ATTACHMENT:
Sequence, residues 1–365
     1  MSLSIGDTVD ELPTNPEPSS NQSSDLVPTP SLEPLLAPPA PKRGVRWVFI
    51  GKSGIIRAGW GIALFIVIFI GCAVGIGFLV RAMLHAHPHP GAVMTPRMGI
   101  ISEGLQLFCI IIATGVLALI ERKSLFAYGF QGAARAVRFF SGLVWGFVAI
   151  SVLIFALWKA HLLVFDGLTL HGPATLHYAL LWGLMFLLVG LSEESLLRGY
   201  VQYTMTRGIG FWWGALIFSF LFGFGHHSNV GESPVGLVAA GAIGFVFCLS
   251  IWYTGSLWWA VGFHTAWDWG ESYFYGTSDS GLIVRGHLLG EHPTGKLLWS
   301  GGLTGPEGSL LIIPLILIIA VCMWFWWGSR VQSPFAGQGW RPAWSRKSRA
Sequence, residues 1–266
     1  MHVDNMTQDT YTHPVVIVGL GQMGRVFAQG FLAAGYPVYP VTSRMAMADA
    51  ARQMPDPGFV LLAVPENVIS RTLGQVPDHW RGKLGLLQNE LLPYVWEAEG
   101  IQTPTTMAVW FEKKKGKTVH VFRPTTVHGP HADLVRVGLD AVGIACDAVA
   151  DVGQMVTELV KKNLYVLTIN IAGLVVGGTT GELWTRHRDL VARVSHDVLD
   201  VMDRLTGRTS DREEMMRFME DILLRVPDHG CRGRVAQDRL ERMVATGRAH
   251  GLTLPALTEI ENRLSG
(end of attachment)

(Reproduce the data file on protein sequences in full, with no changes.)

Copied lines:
Sequence, residues 1–365
     1  MSLSIGDTVD ELPTNPEPSS NQSSDLVPTP SLEPLLAPPA PKRGVRWVFI
    51  GKSGIIRAGW GIALFIVIFI GCAVGIGFLV RAMLHAHPHP GAVMTPRMGI
   101  ISEGLQLFCI IIATGVLALI ERKSLFAYGF QGAARAVRFF SGLVWGFVAI
   151  SVLIFALWKA HLLVFDGLTL HGPATLHYAL LWGLMFLLVG LSEESLLRGY
   201  VQYTMTRGIG FWWGALIFSF LFGFGHHSNV GESPVGLVAA GAIGFVFCLS
   251  IWYTGSLWWA VGFHTAWDWG ESYFYGTSDS GLIVRGHLLG EHPTGKLLWS
   301  GGLTGPEGSL LIIPLILIIA VCMWFWWGSR VQSPFAGQGW RPAWSRKSRA
Sequence, residues 1–266
     1  MHVDNMTQDT YTHPVVIVGL GQMGRVFAQG FLAAGYPVYP VTSRMAMADA
    51  ARQMPDPGFV LLAVPENVIS RTLGQVPDHW RGKLGLLQNE LLPYVWEAEG
   101  IQTPTTMAVW FEKKKGKTVH VFRPTTVHGP HADLVRVGLD AVGIACDAVA
   151  DVGQMVTELV KKNLYVLTIN IAGLVVGGTT GELWTRHRDL VARVSHDVLD
   201  VMDRLTGRTS DREEMMRFME DILLRVPDHG CRGRVAQDRL ERMVATGRAH
   251  GLTLPALTEI ENRLSG